My guest blogger today is Dale Cozort, author of American Indian Victories. Normally I don’t post such long articles, but I thought Cozort’s analysis was too important to edit down. Cozort writes:
If you’ve been around aspiring writers much you know that a good percentage of them produce the writing equivalent of really bad karaoke. You also know that there are undiscovered gems out there. Until recently the book buying public has not had to deal with the ‘bad karaoke’ books. We’ve probably missed a few gems too. What we saw in bookstores was filtered. Sometimes that filtering kept out good books, but it mainly kept readers from wading through an awful lot of crap.
Like it or not, the filters are going away. Good books are still being published but they are hard to find among increasing amounts of drek. Readers, authors and publishers need to figure out how to deal with the glut. If we don’t the book market will continue to spiral downward, with more writers pursuing fewer and fewer readers.
The key issue for readers, authors and book publishers is going to be how to replace the traditional filters and get high quality novels together with their audiences.
In part one I’ll look at what has happened to the traditional filters. Past two will look at potential replacements.
So what have the filters been and why are they going away?
Filter One: The Expense Of Putting Together a Manuscript: Until recently putting together an acceptable manuscript was difficult and expensive. Personal computers and affordable laser printers made writing a novel and putting together a manuscript much easier. Before affordable PC and laser printers you didn’t just have to write the novel, you also had to type up the manuscript, then retype revisions, a slow and cumbersome process that kept many would-be novelists (including me) from ever sending a completed manuscript to a publisher.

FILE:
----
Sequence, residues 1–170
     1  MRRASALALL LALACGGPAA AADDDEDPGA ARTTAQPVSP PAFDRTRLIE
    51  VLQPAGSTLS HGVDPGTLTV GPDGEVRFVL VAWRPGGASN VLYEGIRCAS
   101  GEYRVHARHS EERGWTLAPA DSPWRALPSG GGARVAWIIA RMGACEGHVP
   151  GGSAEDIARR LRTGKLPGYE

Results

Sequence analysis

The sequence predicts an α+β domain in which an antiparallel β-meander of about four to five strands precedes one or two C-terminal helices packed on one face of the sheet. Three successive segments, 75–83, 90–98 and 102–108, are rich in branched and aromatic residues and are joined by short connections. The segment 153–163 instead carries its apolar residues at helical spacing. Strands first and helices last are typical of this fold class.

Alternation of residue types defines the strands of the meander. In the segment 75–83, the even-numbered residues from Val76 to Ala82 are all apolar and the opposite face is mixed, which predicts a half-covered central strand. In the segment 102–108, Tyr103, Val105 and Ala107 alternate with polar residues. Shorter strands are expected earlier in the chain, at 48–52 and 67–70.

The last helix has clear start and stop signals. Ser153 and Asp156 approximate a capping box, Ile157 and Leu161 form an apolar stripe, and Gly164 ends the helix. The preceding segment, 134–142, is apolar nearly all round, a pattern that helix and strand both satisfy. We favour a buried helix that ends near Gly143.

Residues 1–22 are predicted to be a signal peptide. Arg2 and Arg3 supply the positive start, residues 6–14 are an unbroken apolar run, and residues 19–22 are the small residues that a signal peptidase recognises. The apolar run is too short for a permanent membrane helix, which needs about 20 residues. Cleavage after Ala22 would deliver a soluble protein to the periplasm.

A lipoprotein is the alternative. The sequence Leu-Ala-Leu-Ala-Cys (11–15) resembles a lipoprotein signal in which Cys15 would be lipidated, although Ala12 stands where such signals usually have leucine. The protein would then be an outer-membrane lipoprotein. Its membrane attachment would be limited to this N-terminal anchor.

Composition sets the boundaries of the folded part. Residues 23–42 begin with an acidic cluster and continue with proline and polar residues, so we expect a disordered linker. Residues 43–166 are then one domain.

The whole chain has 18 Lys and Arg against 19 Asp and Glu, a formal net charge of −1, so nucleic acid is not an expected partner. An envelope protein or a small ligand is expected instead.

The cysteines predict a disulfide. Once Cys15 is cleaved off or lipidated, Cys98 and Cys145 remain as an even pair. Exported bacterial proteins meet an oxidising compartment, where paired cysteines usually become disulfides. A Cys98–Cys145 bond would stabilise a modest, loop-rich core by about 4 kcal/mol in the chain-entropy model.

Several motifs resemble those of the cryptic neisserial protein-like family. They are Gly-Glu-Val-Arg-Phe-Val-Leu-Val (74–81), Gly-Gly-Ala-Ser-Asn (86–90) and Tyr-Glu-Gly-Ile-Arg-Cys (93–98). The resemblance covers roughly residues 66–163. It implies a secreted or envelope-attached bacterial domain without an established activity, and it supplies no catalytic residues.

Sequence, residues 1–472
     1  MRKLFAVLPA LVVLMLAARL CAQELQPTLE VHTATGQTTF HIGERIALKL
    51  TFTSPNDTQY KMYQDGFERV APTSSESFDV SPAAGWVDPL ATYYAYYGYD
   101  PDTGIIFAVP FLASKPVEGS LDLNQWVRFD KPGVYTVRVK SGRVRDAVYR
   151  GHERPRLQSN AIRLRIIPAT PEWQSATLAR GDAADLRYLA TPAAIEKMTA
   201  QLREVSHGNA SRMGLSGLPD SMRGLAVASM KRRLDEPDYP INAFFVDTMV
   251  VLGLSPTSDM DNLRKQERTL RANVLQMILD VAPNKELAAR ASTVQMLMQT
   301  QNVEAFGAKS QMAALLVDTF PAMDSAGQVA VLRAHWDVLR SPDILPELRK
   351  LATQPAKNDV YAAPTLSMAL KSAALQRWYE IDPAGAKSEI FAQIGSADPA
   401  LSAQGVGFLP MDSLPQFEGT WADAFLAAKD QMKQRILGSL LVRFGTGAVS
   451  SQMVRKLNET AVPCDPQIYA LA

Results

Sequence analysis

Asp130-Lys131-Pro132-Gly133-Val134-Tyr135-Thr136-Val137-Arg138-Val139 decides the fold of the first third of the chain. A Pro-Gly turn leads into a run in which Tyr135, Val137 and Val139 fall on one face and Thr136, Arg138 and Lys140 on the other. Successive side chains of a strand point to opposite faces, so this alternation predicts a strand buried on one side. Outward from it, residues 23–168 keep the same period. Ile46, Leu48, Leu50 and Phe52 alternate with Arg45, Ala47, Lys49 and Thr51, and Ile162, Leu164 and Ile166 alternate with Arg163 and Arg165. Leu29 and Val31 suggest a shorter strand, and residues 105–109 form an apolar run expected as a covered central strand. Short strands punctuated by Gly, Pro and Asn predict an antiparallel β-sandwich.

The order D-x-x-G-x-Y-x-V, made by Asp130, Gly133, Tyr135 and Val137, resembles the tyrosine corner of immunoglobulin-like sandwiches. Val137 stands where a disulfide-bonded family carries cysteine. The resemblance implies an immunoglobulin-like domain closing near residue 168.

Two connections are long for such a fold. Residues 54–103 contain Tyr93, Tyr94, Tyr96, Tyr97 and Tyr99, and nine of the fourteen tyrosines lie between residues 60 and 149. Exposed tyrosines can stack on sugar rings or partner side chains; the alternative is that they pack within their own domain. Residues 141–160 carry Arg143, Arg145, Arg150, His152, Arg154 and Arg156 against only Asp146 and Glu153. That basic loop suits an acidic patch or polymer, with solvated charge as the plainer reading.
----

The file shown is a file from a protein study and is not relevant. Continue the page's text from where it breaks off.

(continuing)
Affordable computers and laser printers let more people write novels. Established writers could write faster. The result was empowering. A lot more people wrote a lot more stuff. The result was also disastrous. The publishing industry simply couldn’t deal with the increased flow of manuscripts. That brings us to filter two..
Filter Two: Publishers: Publishers used to look at the stream of manuscripts coming in from aspiring writers and rejected the ninety-nine percent or more that for one reason or another they couldn’t profitably sell. That took care of most of the ‘bad karaoke’ writing.
Writers had little choice but to accept the verdicts of the publishers. Publishing and promoting a book was expensive. An author could almost never make money publishing a book independently. Also, ‘subsidy publishers’ preyed on would be authors, charging exorbitantly to print unsellable books. Most readers correctly felt that self-published books were mostly junk because if a book was any good it would have been published by a real publisher.
The system worked for the most part. Authors with enough persistence and skill could find a publisher. Readers could know that the books they saw on a booksellers shelves usually, though by no means always, met a set of minimum standards. Publishers prospered in that environment, taking most of the risks and most of the profits from publishing. Most writers didn’t prosper, though authors who made it through the filters and established a name for themselves could earn a modest living at writing, and a few very big name authors became moderately wealthy.
Smart publishers made an effort to find the few publishable manuscripts among the “slushpile” of unsolicited manuscripts they received. That made sense because if they didn’t they not only lost out on a potential profit, but they also handed that profit to their competitors. Good publishers also took pride in finding and nurturing new talent.